ing according to law. Also a petition was re
ceived from the Burbank district ask
ing that they too be included in the
above mentioned district. As only
one step could be taken at the time
this petition had to be held over luntil
the first election is held and the new
boundaries established.
Sundry bills of the county and the
various districts were examined end
those that were in proper shape aud
signed were ordered paid.
Techers' reports that were in were
examined and those that were correct
and properly signed were ordered
paid.
As taxes had come in very slowly
and the board did not feel like bor borrowing
rowing borrowing other moneys at this time and
as there would soon be enough taxes
to meet the obligations it was agreed
to hold the warrants until sufficient
money came into the treasury to take
them up.
The matter of insuring the Layne
property, recently bought by the
board, was taken up, and same order ordered
ed ordered insured for $1000.
The 'board after discussion decided
it could make no reduction on the
house bought of Mrs. Layne.
Coupon warrant No. 77 in favor of
Mrs. E. J. Cardy for $1400 was pre presented
sented presented with request for renewal for
two years at 6 per cent. Same order
ed by the board
As on April lSth; 1922, it will be

Father and Six Sons Shot Down
Without a Chance to Defend

Themselves
Belfast, March 24. (By Associated
Press). A band of men forced their
way into the home of Owen Mac-
Mahon, a saloon keeper, early today
and shot seven members of the family.
The raid stirred the city. MacMahon
and three of his sons were killed out outright,
right, outright, another son died of his wounds
and two others are near death.
The crime is believed to be a re
prisal for the shooting of several spe
cial constables yesterday. The raiders
broke into the MacMahon house at
1:30 o'clock and rushed upstairs
where the family was sleeping. The
male members of the family were
taken into the living room, lined up
against the wall and riddled with bul
lets.
Mrs. MacMahon and her daughter
rushed into the living room when the
attackers had departed and found
the father and six sons on the floor in
pools of blood. When the police ar arrived
rived arrived the women were in a state of
collapse. Another son escaped by
throwing himself under a lounge and
was uninjured, although two shots
were fired at him.
An ambulance attendant collapsed
after hslping carry the bodies to the
hospital, although hardened with
scenes of bloodshed.
ANOTHER OFFICIAL KILLED
Belfast, March 24. (By Associated
Press). Joseph Campbell, a Belfast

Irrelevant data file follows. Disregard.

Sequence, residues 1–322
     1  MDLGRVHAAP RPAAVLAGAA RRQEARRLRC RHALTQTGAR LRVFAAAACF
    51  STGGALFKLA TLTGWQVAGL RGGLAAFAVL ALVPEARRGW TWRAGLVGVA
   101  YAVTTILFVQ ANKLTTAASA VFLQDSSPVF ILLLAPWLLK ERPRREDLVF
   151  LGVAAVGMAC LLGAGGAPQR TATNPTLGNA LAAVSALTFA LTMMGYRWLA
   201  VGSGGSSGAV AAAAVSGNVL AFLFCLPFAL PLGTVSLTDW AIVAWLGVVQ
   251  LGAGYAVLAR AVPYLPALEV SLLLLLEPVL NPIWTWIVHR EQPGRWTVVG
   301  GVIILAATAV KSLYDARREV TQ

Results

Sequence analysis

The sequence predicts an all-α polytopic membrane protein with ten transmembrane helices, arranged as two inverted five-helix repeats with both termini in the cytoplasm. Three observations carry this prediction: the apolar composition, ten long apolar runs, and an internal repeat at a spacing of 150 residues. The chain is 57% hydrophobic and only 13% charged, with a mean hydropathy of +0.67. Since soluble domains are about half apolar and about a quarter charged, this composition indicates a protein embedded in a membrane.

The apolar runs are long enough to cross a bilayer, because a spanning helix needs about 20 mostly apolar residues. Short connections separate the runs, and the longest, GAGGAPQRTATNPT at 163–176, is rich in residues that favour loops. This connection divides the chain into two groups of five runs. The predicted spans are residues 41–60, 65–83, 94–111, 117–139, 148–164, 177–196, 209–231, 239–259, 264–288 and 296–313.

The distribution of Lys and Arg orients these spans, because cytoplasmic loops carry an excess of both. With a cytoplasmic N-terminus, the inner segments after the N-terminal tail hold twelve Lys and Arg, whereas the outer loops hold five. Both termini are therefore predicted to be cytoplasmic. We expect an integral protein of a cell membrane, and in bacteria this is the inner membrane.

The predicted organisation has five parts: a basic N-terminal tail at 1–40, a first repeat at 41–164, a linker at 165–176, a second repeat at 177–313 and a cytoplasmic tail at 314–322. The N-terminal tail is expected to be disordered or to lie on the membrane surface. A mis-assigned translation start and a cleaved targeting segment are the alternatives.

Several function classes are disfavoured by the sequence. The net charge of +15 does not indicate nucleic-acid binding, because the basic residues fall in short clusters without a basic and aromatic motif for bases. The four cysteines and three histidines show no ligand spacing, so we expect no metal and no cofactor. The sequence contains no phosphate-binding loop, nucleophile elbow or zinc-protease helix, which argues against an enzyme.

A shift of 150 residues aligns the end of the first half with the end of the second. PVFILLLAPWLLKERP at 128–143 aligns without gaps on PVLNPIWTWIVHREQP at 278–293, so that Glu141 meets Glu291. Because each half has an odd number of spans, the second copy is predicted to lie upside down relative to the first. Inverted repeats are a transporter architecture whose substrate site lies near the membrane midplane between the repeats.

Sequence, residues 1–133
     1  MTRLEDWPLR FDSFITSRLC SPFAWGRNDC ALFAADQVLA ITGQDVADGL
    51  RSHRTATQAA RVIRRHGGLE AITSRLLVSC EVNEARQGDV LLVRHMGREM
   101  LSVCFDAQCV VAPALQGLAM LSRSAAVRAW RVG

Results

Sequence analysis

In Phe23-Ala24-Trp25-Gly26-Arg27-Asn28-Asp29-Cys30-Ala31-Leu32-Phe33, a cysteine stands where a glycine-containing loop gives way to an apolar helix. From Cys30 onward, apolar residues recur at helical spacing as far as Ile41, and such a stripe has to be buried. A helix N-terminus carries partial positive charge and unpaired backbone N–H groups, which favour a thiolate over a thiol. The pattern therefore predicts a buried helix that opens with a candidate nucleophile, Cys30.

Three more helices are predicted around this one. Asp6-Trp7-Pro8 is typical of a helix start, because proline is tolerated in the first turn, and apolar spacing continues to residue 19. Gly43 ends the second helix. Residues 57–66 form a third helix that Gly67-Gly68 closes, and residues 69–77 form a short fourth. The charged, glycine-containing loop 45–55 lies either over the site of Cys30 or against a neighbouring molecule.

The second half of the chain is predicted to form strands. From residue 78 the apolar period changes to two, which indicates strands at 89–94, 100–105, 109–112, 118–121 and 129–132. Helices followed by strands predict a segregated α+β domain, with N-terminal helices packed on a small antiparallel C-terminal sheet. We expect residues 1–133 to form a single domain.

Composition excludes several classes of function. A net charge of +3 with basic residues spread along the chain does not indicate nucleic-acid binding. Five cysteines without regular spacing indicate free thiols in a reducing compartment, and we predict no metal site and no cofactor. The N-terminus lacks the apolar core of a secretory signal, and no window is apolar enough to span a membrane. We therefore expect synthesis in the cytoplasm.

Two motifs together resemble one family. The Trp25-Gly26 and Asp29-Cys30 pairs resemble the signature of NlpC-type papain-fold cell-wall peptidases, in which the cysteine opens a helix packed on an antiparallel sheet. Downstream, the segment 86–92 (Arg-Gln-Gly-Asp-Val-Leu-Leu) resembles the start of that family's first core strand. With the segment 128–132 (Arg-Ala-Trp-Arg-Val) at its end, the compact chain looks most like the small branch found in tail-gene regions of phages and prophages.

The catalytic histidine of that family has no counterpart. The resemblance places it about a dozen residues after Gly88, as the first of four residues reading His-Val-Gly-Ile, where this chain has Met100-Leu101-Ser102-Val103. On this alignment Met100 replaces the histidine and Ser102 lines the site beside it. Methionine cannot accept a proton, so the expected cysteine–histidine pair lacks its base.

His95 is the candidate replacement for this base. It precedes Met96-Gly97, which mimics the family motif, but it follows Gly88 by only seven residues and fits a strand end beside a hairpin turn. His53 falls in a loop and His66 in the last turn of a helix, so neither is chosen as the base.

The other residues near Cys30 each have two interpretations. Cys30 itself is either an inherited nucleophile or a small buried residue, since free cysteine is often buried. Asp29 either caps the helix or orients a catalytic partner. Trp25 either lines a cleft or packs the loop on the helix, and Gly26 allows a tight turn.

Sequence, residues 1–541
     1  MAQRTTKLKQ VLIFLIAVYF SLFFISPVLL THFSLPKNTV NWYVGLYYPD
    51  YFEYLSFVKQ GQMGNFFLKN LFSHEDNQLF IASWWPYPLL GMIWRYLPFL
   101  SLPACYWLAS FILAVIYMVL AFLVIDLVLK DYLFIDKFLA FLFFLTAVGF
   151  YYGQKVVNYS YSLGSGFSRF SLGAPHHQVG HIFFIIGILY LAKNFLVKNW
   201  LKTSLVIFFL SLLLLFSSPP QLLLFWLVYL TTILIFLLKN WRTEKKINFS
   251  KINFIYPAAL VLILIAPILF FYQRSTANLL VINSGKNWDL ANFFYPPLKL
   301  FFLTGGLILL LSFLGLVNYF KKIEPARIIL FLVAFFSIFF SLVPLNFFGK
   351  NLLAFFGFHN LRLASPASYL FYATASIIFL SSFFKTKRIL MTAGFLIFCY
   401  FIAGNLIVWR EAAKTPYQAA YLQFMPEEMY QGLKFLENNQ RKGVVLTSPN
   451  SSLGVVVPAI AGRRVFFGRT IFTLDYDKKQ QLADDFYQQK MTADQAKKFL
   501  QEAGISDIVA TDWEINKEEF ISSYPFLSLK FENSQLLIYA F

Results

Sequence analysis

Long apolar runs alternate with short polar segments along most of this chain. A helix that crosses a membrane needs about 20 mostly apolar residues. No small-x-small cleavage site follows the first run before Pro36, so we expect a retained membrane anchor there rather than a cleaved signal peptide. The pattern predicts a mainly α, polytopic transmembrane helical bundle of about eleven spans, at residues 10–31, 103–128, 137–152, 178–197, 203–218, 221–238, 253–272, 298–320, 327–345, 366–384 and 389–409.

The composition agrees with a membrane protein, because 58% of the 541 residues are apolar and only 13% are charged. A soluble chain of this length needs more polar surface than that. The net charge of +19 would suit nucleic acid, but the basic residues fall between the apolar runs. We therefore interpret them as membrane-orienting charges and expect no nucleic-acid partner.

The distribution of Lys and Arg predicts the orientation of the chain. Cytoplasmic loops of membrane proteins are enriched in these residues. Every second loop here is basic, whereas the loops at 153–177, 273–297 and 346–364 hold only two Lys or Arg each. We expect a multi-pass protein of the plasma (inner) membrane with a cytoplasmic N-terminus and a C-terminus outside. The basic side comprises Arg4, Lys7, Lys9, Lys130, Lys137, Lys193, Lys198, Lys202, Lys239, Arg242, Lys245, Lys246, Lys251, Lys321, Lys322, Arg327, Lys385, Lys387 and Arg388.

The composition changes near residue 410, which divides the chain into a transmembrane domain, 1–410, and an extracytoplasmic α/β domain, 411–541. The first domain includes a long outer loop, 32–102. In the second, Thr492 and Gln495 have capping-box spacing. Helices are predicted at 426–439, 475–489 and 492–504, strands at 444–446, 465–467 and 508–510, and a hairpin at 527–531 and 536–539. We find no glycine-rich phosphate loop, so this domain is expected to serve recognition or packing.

city official, was shot and killed by a
sniper today.
BIG MINSTREL SHOW
TONIGHT AT BELLEVIEW
The Belleview Civic League, one of
the most wide-awake organizations of
its kind in Marion county, will give
a minstrel show at its club house to tonight
night tonight at eight o'clock. The cast will
be made up of local talent, assisted by
the following stars: Messrs. Eddie
Armstrong and Lester Lucas and
Misses Florence Wells and Katherine
Pyles. As Belleview always puts up
a good attraction it is sale to say
that Ocala will be well represented at
tonight's performance.
RESPONSIBLE POSITION
FOR PAUL WEATHERS
Under the head "Around the Office,"
the Pyramid, a New York financial
journal, of February, has the follow following
ing following splendid tribute to a former
Ocalan:
"Mr. Paul D. Weathers of the Wall
street development department of the
Bankers Trust Company, has left that
concern to become assistant to the
first vice president and general man manager
ager manager of the Adirondack Power and
Light Corporation of Amsterdam, N.
Y.
"Mr. Weathers graduated from Am Amherst
herst Amherst College in 1915 and from the
Harvard business school in 1917.. He
became associated with the statistical
department of the Bankers Trust Co
in September 1919. In the spring of
1921 he went to the development de
partment, and later was with the new
business department, where he assits assits-ed
ed assits-ed in working out the details of the
central file system and the organiza
ition of the development department.
"Those who worked in direct con contact
tact contact with him will miss his quiet sense
of humor, his cheerful readiness to
help the other man, no matter what
the pressure over his own desk, and
the inspiration of his unfailing loyalty
to the institution which he served."
two years since the election of trus
tees in the special tax school districts,
with the exception of Union, and elec election
tion election for the election of trustees and
fixinsr the millasre for the next two
years was ordered by the board upon
motion of Mr. C. R. Veal, election to
be held at the regular voting place in
each of the special tax school dis
tricts. Clerks and insnetcors to be
appointed and advertised as required
by law.
As no further business appeared,
the board adjourned to meet in spe